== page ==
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This question already has an answer here:

My compiler doesn't support make_unique. How to write one?

template< class T, class... Args > unique_ptr<T> make_unique( Args&&... args );

marked as duplicate by djechlin, Borgleader, Ali, Praetorian, Nicol Bolas Jul 27 '13 at 22:55

This question has been asked before and already has an answer. If those answers do not fully address your question, please ask a new question.

30

Copied from make_unique and perfect forwarding (the same is given in Herb Sutter's blog)

template<typename T, typename... Args>
std::unique_ptr<T> make_unique(Args&&... args)
{
    return std::unique_ptr<T>(new T(std::forward<Args>(args)...));
}

If you need it in VC2012, see Is there a way to write make_unique() in VS2012?


Nevertheless, if the solution in sasha.sochka's answer compiles with your compiler, I would go with that one. That is more elaborate and works with arrays as well.

  • Why do the dots go outside the args parentheses? That's so counterintuitive to me! – Apollys Mar 29 at 2:51
  • @Apollys If I understand your question correctly: That would expand the arguments to std::forward, and not to T. (Maybe I misunderstand your question.) – Ali Mar 29 at 10:28
  • Likely that is what I was asking, I don't know much about the ... syntax, only what I have seen in examples. What seems weird to me is that in the line std::forward<Args>(args)... it seems that args now somehow means each parameter individually while at the top it meant all of the parameters as a unit. – Apollys Mar 29 at 23:30
  • @Apollys Yeah, C++ is a weird language, full of such quirks. :( – Ali Mar 29 at 23:38
44

Version by Stephan T. Lavavej (also known by STL) who originally proposed adding this function to C++14

#include <cstddef>
#include <memory>
#include <type_traits>
#include <utility>

namespace std {
    template<class T> struct _Unique_if {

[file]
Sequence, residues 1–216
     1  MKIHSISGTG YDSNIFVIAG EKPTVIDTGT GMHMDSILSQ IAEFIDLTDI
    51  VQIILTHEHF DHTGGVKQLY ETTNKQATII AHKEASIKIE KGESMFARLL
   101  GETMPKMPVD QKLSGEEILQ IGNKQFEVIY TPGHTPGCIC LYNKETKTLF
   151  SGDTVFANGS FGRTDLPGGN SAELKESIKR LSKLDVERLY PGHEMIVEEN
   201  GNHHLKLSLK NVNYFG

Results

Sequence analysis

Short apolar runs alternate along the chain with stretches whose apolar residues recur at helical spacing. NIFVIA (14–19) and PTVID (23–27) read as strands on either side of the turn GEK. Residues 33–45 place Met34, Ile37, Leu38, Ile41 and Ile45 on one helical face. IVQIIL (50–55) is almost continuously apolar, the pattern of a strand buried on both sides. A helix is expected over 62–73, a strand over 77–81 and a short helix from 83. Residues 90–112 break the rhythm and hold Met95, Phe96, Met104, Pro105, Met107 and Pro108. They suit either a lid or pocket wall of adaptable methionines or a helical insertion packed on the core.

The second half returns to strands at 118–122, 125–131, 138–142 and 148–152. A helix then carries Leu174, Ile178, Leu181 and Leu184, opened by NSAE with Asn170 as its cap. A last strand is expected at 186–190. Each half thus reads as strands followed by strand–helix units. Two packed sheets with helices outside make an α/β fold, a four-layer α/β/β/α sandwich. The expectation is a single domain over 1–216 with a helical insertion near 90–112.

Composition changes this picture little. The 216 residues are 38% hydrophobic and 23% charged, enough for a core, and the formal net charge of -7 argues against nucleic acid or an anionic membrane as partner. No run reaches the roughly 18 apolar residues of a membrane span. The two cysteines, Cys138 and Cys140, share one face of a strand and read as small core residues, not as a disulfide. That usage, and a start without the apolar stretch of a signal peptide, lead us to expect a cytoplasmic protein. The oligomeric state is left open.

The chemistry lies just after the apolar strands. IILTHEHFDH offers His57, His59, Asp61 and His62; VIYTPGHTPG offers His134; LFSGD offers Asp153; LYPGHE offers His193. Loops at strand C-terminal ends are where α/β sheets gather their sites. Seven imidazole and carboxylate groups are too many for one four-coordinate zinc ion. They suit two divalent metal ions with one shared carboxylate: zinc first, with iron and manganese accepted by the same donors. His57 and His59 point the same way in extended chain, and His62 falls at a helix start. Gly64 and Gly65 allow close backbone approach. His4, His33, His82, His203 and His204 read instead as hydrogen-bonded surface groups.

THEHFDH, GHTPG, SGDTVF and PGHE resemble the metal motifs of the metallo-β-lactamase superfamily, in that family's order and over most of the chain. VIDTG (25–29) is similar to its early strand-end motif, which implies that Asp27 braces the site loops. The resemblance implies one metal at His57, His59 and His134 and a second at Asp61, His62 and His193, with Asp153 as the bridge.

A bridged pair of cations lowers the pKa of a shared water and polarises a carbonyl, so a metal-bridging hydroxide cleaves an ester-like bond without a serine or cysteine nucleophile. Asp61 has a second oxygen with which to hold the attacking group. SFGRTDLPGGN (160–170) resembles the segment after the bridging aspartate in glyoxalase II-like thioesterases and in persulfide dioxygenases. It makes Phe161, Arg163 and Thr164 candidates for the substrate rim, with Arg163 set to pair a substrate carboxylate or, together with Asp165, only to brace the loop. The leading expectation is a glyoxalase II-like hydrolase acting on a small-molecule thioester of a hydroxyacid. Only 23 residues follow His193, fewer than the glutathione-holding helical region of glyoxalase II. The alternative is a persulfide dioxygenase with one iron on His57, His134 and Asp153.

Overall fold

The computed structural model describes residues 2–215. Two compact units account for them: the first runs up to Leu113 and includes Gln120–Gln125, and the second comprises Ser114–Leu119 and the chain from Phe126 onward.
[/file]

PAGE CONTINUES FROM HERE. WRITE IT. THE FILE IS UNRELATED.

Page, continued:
typedef unique_ptr<T> _Single_object;
    };

    template<class T> struct _Unique_if<T[]> {
        typedef unique_ptr<T[]> _Unknown_bound;
    };

    template<class T, size_t N> struct _Unique_if<T[N]> {
        typedef void _Known_bound;
    };

    template<class T, class... Args>
        typename _Unique_if<T>::_Single_object
        make_unique(Args&&... args) {
            return unique_ptr<T>(new T(std::forward<Args>(args)...));
        }

    template<class T>
        typename _Unique_if<T>::_Unknown_bound
        make_unique(size_t n) {
            typedef typename remove_extent<T>::type U;
            return unique_ptr<T>(new U[n]());
        }

    template<class T, class... Args>
        typename _Unique_if<T>::_Known_bound
        make_unique(Args&&...) = delete;
}

EDIT: updated code to the N3656 standard revision

  • How does the _Known_bound struct match when no use of _Unique_if specifies a second template argument and there is no default? – Ben Jackson Jul 27 '13 at 21:44
  • 2
    @BenJackson The intent is for there to never be a match for the _Known_bound version when make_unique is used correctly. If someone tries to use it as make_unique<T[N]>() it'll match the _Known_bound version and result in an error. – Praetorian Jul 27 '13 at 22:56
  • 2
    What's a good way to include this definition in C++ code that may eventually be compiled in an environment where make_unique is available in stdc++? – Andreas Yankopolus Dec 16 '14 at 0:42
  • 2
    @AndreasYankopolus I'd suggest #if __cplusplus == 201103L ... #endif (see __cplusplus entry near the end of gcc.gnu.org/onlinedocs/cpp/Standard-Predefined-Macros.html ) – Keiji Apr 17 '15 at 6:58
  • 4
    Note that we are not allowed to put things into std:: like this. I'd rather use my own utilities namespace if I had to add make_unique. – Johan Lundberg Mar 25 '16 at 21:32

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